Self-reported visual impairment in elderly Canadians and its impact on healthy living
ABSTRACT Using a nationwide sample from community- and institution-dwelling residents, we describe the prevalence of self-reported visual impairment in elderly Canadians and examine its association with selected social demographics and health factors.
Subjects were participants in the phase I clinical examination of the Canadian Study of Health and Aging. Vision state was ascertained from a self-reported question: "How is your eyesight (with glasses or contacts if you wear them)?" A response of "poor" (referred to as poor vision) or "unable to see" (referred to as blindness) was considered visual impairment. Other information was from in-person interviews or clinical examinations. Standardized weights were used in all analyses.
Analyses included 2671 participants with a median age of 72 years. The overall prevalence was 6.2% for poor vision, 0.7% for blindness, and 6.8% for either. A higher prevalence was seen in women and in people aged 85 years or older. Participants with < or = 6 years of education were approximately 2 times more likely to report visual impairment. Institutional residents and people with falls or a depressed mood were approximately 3 times more likely to state visual impairment. Smoking was associated with approximately 4 times higher odds of visual impairment, while persons presenting difficulty with everyday activities or with self-rated poor health were approximately 7 and 15 times more likely to report visual impairment.
Visual impairment in elderly Canadians is common and is associated with increased odds of institutionalization, frequent falls, difficulty with everyday activities, and poor health. Good eyesight may imply good health and good independence in the elderly.
SourceAvailable from: Ya-Ping Jin[Show abstract] [Hide abstract]
ABSTRACT: Purpose:To determine the impact of lack of government insured routine eye examinations on the incidence of self-reported glaucoma, cataracts and vision loss. Methods:We analyzed data from the Canadian longitudinal National Population Health Survey (1994-2011). White respondents aged 65+ in 1994/1995 were included (n=2618). Three cohorts were established at baseline: those free of glaucoma, cataracts and vision loss (i.e. unable to see close or distance when wearing glasses or contact lenses). Incident cases were identified through self-reporting of these conditions during the follow-up period. Results:The incidence (per 1000 person-years) of glaucoma was lower in uninsured provinces (8.1, 95% confidence interval [CI] 5.5-10.7) than in insured provinces (12.8, 95% CI 10.5-15.1). The incidence of cataracts was also lower in the uninsured (67.2, 95% CI 55.7-78.6) versus insured provinces (75.7, 95% CI 69.2-82.2). The incidence of vision loss was higher in the uninsured (26.6, 95% CI 20.2-33.0) versus insured provinces (22.5, 95% CI 20.0-25.5). Adjusting for confounders, seniors in insured provinces had a 59% increased risk of glaucoma (incidence rate ratio [IRR] 1.59; 95% CI 1.07-2.37), a 13% greater risk of cataracts (IRR 1.13, 95% CI 0.93-1.37) and a 12% reduced risk of vision loss (IRR 0.88, 95% CI 0.67-1.16). Conclusions:Lack of government-funded routine eye examinations is associated with a reduced incidence of self-reported glaucoma and cataracts, likely due to reduced detection. Lack of insurance is also associated with a higher incidence of self-reported vision loss, likely due to poorer access to eye care and late treatment. Copyright © 2014 by Association for Research in Vision and Ophthalmology.Investigative Ophthalmology & Visual Science 12/2014; 55(12). DOI:10.1167/iovs.14-15361 · 3.66 Impact Factor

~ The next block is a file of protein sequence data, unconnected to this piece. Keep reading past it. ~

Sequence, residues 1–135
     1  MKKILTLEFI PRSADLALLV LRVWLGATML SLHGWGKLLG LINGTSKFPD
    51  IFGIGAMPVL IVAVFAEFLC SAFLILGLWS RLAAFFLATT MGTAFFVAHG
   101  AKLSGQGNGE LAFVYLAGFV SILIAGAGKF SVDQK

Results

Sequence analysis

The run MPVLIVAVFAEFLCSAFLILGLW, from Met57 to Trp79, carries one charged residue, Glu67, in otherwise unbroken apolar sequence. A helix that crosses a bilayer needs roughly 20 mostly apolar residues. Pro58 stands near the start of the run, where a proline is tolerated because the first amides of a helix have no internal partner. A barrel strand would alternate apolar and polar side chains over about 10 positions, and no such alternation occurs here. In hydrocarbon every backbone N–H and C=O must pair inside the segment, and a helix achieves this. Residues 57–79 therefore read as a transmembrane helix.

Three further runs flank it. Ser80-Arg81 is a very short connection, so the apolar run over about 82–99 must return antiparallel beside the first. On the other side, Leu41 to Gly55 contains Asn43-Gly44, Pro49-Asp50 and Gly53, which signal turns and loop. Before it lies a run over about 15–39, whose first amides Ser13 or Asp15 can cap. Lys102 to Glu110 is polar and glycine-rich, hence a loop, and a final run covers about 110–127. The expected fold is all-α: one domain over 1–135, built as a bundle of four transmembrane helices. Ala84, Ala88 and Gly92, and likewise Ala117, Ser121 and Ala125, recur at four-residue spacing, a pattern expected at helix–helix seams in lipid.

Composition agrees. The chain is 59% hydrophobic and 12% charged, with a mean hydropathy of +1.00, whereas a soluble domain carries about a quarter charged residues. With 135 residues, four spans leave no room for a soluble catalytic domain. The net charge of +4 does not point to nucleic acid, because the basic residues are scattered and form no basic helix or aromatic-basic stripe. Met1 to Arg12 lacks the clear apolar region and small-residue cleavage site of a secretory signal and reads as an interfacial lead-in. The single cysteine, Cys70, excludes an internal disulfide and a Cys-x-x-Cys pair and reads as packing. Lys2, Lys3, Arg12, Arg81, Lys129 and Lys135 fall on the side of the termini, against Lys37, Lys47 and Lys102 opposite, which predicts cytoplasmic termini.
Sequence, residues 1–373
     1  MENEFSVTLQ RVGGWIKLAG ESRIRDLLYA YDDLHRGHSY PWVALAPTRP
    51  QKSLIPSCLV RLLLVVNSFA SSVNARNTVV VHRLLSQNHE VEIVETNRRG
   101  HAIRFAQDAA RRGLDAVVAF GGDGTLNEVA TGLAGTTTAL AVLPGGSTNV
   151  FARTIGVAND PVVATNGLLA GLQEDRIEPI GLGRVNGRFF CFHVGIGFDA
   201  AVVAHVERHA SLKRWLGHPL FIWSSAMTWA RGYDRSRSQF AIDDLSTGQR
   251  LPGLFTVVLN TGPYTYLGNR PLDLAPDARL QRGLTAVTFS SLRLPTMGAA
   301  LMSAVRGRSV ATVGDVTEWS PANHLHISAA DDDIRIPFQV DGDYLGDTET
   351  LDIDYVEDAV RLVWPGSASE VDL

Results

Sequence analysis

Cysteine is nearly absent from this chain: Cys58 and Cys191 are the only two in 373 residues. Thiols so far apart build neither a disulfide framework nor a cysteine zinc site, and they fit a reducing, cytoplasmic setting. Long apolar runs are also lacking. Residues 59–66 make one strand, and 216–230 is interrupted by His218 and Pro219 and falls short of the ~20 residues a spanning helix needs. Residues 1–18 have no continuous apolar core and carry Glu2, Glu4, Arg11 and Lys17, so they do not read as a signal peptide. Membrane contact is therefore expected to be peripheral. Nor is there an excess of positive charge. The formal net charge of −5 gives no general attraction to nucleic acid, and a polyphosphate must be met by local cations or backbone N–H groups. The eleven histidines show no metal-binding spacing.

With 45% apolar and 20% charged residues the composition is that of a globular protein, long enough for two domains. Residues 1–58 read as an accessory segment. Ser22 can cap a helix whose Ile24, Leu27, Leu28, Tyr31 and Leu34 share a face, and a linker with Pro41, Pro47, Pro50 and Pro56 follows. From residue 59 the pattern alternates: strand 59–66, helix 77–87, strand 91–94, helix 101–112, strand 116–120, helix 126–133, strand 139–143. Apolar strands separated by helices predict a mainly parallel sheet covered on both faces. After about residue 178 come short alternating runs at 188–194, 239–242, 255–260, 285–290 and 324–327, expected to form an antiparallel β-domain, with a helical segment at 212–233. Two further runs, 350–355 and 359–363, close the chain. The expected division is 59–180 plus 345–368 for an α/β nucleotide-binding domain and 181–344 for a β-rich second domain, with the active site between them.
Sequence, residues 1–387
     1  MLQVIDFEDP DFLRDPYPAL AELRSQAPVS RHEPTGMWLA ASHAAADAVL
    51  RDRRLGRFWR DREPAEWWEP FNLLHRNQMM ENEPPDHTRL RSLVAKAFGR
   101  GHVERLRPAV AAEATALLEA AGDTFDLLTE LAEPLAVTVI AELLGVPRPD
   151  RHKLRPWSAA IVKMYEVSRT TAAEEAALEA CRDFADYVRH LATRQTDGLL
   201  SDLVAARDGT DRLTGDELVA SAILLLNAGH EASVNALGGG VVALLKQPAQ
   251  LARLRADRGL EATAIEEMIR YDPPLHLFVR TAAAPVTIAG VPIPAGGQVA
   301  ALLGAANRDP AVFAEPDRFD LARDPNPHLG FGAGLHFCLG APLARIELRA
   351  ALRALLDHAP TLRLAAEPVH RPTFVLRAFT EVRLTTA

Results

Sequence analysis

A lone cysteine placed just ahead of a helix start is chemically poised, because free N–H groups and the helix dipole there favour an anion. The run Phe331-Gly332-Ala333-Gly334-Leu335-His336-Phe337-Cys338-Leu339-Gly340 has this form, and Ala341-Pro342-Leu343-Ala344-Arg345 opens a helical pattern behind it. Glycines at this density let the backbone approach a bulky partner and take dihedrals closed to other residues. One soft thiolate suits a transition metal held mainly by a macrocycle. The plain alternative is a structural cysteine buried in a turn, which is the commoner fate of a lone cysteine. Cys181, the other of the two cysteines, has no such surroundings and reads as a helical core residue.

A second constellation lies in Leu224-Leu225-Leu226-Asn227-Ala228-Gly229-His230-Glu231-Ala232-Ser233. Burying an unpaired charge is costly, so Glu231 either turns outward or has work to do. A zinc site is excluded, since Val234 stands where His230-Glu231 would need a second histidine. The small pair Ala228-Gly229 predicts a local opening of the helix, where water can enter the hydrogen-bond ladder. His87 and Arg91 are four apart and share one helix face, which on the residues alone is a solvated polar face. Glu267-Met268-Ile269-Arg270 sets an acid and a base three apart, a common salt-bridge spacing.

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ABSTRACT: The objective was to evaluate the eye care services offered to older residents living in long-term care facilities (LTCFs).09/2014; 17(3):108-13. DOI:10.5770/cgj.17.116